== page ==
But he should be applauded for more than his comedic skills. When watching I truly believed that here was a man on the verge depression due to his deathly boring job and indifferent family. The gradual change from slob, to bemused participant in various twisted TV shows, to action hero, to loving husband and father, is masterfully handled.

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Stay Tuned showed a wider audience how well the very likeable Ritter exemplified the ‘everyman’ character. Had he focussed more on films than stage and TV, then nowadays he would probably mentioned in the same sentence as Martin Freeman, Tom Hanks, Jimmy Stewart or Jack Lemmon (I’d have happily accepted him as an American Arthur Dent). His tragic and untimely death in 2003 while filming the second season of 8 Simple Rules is very much the viewing public’s loss.

Another sitcom veteran, Pam Dawber of Mork & Mindy and My Sister Sam holds her own, making sure that her co-stars don’t steal the limelight. She plays Helen Knable as strong willed, yet sensible and fair. Even when she’s threatened with becoming the stereotypical damsel in distress, she plays against type acting more annoyed at her predicament than genuinely dismayed.

And she sparks off Ritter. Their obvious chemistry makes the relationship believable and we root for them not just to save the day but to find a way forward in their marriage. That is largely down to Dawber’s strong performance.

Although difficult to write about, it’s impossible to talk about Stay Tuned without mentioning its other star, Jeffrey Jones. He plays Spike, the Head Demon who is tasked with collecting souls in a sadistic and entertaining manner by ‘Him Downstairs’. He puts in as memorable a performance as he did playing villains in Howard The Duck and Ferris Bueller’s Day Off (in fact, his inevitable comeuppance is a splendid FBDO inspired in-joke). Although Spike is largely played for laughs, Jones’ immense stature, especially when sharing the screen with the diminutive Ritter, makes him a formidable and domineering presence. Sadly, his serious misdemeanours make it difficult to enjoy the scenes he appears in, which this otherwise charming film (and its exemplary cast) does not deserve.

Rounding off the four main adult characters is the wonderful Eugene Levy as Crowley, Spike’s put upon second-in-command. Prior to Stay Tuned, his highest profile roles had been as the mermaid hunting Dr. Kornbluth in Splash and as John Candy’s sidekick Norman in Armed & Dangerous – unless you count his bill topping role in 1973’s indie horror comedy Cannibal Girls! Of course he would later own every moment that he’s on the screen in the American Pie movies – but he does a pretty good job here with the scene larceny.

The Knables’ children, Darryl (David Tom) and Diane (Heather McComb), considering they are supposed to be disrespectful of Roy, are surprisingly watchable at a time when child sidekicks were becoming increasingly obnoxious.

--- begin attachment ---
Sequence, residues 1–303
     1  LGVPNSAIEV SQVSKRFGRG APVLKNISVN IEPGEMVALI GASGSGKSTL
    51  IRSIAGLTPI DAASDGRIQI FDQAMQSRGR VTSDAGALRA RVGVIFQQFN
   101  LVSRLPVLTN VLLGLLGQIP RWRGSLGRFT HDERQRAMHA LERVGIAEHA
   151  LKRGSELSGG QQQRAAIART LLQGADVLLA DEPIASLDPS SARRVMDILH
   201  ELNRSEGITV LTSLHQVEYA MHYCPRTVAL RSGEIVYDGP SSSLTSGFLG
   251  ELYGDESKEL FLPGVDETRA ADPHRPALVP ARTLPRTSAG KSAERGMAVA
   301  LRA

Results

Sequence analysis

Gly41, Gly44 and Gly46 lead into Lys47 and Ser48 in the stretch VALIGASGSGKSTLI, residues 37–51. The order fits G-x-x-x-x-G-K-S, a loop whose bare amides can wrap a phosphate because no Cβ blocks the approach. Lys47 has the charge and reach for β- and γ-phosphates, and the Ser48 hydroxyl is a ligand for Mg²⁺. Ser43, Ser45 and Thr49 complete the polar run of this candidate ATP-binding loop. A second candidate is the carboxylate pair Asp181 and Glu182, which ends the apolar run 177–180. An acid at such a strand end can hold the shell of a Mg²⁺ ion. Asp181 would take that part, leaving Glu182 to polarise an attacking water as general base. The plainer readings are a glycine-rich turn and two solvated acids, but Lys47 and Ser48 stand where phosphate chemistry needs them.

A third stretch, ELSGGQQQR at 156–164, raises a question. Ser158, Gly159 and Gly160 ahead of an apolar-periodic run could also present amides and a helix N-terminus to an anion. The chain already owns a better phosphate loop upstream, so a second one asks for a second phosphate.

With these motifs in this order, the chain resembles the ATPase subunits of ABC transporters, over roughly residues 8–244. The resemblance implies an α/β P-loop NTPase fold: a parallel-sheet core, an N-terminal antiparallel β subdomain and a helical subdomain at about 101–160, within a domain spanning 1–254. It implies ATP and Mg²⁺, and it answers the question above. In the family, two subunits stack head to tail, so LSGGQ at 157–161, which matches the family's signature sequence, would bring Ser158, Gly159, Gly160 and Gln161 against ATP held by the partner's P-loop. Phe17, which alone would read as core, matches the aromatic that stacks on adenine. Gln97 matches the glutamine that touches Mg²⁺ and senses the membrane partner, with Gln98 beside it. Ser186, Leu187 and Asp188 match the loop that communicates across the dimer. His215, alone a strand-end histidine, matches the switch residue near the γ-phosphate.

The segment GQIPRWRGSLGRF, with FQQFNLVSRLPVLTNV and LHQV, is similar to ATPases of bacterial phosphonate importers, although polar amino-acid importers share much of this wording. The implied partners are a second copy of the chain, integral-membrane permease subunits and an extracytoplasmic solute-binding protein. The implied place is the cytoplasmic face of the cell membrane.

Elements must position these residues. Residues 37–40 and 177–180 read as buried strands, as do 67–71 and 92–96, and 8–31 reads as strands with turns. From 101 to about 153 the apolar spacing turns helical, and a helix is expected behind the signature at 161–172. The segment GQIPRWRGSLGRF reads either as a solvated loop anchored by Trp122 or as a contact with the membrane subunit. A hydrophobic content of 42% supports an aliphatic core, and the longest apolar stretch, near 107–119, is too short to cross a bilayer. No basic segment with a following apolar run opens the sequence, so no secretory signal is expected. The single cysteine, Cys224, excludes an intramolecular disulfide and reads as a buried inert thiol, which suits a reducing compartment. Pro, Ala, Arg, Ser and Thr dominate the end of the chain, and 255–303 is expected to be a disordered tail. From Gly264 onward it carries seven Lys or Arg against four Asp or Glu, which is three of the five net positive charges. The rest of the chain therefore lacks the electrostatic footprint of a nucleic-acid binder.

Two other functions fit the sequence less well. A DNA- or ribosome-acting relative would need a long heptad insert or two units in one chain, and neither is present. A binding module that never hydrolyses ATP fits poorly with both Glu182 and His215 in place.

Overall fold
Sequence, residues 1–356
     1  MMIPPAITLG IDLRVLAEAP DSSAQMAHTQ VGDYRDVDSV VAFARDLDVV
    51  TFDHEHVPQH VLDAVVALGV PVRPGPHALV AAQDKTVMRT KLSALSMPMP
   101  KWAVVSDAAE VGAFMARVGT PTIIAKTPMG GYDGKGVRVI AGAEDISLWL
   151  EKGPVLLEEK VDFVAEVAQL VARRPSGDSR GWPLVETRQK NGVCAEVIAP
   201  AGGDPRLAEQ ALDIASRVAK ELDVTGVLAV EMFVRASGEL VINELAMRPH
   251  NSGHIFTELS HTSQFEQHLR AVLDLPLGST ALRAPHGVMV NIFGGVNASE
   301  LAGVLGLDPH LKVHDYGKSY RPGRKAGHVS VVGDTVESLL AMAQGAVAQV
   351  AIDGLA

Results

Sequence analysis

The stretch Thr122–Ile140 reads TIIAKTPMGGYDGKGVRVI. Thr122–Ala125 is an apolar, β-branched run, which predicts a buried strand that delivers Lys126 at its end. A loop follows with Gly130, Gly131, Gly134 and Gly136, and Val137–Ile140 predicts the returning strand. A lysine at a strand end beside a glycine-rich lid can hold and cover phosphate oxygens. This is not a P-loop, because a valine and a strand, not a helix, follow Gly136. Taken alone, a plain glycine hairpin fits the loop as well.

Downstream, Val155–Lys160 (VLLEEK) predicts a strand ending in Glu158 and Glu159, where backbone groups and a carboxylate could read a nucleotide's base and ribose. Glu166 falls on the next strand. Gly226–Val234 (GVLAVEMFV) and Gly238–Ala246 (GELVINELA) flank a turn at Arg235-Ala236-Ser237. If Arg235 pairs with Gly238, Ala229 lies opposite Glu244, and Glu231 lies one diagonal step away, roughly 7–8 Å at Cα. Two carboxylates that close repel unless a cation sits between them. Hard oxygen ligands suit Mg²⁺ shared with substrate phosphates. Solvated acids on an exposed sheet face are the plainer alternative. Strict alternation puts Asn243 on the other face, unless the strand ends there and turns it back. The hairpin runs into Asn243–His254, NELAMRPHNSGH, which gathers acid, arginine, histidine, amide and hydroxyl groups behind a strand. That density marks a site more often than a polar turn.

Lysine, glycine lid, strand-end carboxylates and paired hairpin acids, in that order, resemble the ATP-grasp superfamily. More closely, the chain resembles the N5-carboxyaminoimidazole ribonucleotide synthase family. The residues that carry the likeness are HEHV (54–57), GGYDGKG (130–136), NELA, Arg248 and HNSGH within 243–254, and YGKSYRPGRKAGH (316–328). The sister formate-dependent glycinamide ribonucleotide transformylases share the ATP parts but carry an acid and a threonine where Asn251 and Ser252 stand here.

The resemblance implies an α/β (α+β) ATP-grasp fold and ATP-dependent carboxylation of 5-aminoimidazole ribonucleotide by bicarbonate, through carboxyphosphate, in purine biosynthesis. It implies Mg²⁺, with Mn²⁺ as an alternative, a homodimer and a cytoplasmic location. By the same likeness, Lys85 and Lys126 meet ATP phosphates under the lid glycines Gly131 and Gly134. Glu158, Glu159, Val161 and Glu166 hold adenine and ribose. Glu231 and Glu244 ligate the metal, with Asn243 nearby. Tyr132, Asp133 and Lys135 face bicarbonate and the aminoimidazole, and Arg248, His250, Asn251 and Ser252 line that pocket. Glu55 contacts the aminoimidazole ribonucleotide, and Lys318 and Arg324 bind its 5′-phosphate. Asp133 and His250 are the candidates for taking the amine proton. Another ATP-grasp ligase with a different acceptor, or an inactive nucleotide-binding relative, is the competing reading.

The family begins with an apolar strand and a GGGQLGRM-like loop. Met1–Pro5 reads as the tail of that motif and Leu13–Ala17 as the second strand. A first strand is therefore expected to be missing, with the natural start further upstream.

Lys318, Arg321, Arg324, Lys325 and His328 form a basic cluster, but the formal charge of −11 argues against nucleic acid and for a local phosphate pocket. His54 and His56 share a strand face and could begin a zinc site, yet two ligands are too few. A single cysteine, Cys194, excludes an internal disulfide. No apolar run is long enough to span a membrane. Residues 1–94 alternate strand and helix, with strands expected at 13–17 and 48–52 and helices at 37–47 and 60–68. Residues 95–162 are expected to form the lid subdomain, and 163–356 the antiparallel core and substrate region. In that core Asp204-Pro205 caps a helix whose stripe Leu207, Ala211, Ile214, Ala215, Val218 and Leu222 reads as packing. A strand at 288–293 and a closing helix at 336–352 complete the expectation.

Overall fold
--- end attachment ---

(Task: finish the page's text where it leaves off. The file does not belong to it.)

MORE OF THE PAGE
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The beginning is very similar to Ghostbusters

I almost wrote ‘It rips off the opening scene from Ghostbusters’ but then I realised – of course it does. It rips off as many things as it can possibly get away with, and shamelessly! Nay, gleefully! You learn early on that Stay Tuned’s bread and butter is lampoonery of beloved properties!

It features a remarkable animated section

Filming for Stay Tuned began in October 1991 and wrapped just three months later in January 1992 – quite an impressive feat given the massive variety of locations, sets, extras, make-up and costumes involved. The two minute long Duane’s Underworld section alone has an entire TV studio audience made up as zombies, ghouls and vampires, not to mention a detail-perfect recreation of Wayne’s basement from the show.

However, one particular sequence had already been in production for six months by the time principal photography started. Hyams personally approached legendary animator Chuck Jones of Looney Tunes fame to work on an ambitious six minute sequence in which Roy and Helen find themselves inside a cartoon (in mouse form, no less).

Thinking they’re safe because “cartoons are for kids” they let their guard down, but we’ve all seen these old animated shorts and have a pretty good idea what’s coming. The homeowner (who, of course, we only see from the knees down) has bought a new hybrid cat/terminator to rid the house of its rodent infestation. What ensues is a superbly animated, uproariously funny, ultra-violent, literal cat-and-mouse chase which stands up perfectly well on its own as an example of the kind of cartoon it was parodying (Looney Tunes, Disney, Tom & Jerry).

Jones was used to writing his own scripts so it was something of a new challenge for him, working with prepared material. He threw himself into the task, providing over three hundred drawings and and character designs.

He co-directed with the film’s animation supervisor Jeff DeGrandis, of whom he spoke in a later interview: “I think it’s important to help the younger generation of animators. If you care about the art, I think you’re obliged to help those who will follow”. He further praised his young colleague saying “He’s a brilliant guy and a good story man”. DeGrandis became a producer working on the wildly popular Dora The Explorer.